With the candidate filing deadline for statewide offices expiring a 4 p.m. Tuesday afternoon, the field is now set for the primary races that will take place on May 21 to determine each party’s nominee in the races for governor, attorney general, auditor of public accounts, secretary of state, commissioner of agriculture and treasurer.
Here is a rundown of the Republican and Democratic candidates that have filed to run for each of these constitutional offices.
Governor and Lt. Governor
Gov. Matt Bevin finally made his re-election bid official on Friday, but this time he will not be running with his current Lt. Gov. Jenean Hampton. Instead, the governor chose state Sen. Ralph Alvarado of Winchester, a physician who has sponsored legislation to limit medical malpractice lawsuits and create tax credits for K-12 students to attend private schools.
Republican Congressman James Comer considered a primary challenge against Bevin but issued a statement Sunday night explaining his decision not to make such a run – though not without adding a searing criticism of the governor’s behavior during his first term.
Instead, Bevin will face a trio of political newcomers in the Republican primary, including state Rep. Robert Goforth, William Woods of Corinth and Ike Lawrence of Lexington.
Goforth, a veteran and pharmacist, won a special election last February to the state House and won that seat again in November. He chose Lawrence County attorney Michael Hogan as his running mate, who lost a close primary race for attorney general in 2015.
Goforth has criticized Bevin for his harsh words toward teachers who protested his public pension reform proposal, support for charter schools, and the expansion of gambling with instant racing facilities that resemble slot machines.
Woods has a platform of opposition to Bevin’s pension bill, support for abortion rights and support for medical marijuana, with that tax revenue steered toward providing every public school with armed guards. Justin Miller of Florence is his running mate.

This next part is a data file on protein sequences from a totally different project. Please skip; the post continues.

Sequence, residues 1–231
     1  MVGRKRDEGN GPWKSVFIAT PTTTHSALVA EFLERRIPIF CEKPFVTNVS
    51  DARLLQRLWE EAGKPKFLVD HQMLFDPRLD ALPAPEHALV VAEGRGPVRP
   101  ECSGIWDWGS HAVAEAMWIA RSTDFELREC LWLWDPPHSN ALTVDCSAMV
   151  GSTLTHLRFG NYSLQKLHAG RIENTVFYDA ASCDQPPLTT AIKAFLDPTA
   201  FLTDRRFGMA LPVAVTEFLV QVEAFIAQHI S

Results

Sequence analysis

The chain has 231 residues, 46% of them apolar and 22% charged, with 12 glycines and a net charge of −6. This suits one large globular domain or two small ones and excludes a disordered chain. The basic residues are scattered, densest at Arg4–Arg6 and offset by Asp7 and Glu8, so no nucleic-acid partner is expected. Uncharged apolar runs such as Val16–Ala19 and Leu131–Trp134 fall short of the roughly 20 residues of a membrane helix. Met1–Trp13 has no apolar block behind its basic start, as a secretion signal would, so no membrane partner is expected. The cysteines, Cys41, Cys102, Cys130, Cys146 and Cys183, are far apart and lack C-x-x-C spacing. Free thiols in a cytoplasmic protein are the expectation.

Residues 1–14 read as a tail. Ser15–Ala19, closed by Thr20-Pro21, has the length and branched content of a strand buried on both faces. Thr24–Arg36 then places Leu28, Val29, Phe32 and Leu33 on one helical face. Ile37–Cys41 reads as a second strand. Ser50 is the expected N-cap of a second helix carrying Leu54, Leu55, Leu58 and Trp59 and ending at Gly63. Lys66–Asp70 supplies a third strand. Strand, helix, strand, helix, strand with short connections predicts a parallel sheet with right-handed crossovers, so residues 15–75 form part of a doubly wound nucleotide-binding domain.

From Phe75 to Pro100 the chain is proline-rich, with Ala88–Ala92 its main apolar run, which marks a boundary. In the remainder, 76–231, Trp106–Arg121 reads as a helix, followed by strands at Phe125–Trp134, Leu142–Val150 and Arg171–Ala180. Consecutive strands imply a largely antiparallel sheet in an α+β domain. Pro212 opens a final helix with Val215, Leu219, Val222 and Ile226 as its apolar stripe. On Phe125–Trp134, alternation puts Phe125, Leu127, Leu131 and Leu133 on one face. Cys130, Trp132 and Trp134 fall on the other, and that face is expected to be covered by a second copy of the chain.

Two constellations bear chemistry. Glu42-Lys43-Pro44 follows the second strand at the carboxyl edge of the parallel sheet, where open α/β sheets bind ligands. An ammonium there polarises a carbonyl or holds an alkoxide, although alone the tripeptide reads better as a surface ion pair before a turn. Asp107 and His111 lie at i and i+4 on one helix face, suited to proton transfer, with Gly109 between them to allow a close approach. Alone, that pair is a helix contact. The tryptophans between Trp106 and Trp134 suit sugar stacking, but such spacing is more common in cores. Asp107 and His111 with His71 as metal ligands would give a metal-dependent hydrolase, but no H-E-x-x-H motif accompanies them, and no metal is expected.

Lawrence, who filed for office just hours before Tuesday’s deadline, ran for mayor of Lexington last year, winning less than 2 percent of the vote in the primary. James Anthony Rose, also from Lexington, is his running mate.
On the Democratic side, the primary has shaped up as a three-way fight of big-name candidates, including Attorney General Andy Beshear, House Minority Leader Rocky Adkins and the former state Auditor Adam Edelen.
Beshear chose Jacqueline Coleman as his running mate, a teacher, basketball coach and current assistant principal at Nelson County High School. The other two gubernatorial candidates both looked to Louisville for their running mates, with Adkins choosing the former Jefferson County Board of Education member Steph Horne, and Edelen tapping the prominent businessman Gill Holland.
Perennial candidate Geoff Young — who has lost by wide margins in five races over the last seven years — is also running as a Democrat on a ticket with Josh French. Young, from Lexington, received less than 2 percent of the vote last year in the Democratic primary for the Sixth Congressional District.
A week ago, state Sen. Whitney Westerfield was the only Republican to have filed to run for attorney general, but his unexpected withdrawal from the race has changed the landscape of the party’s primary.
Just before Westerfield’s withdrawal, Republican Daniel Cameron of Louisville — a former attorney for Sen. Mitch McConnell in the U.S. Senate — filed to enter the primary. Just an hour after that withdrawal, Cameron was joined in the primary by state Sen. Wil Schroder, a Republican from Wilder who was just elected to his second term in November.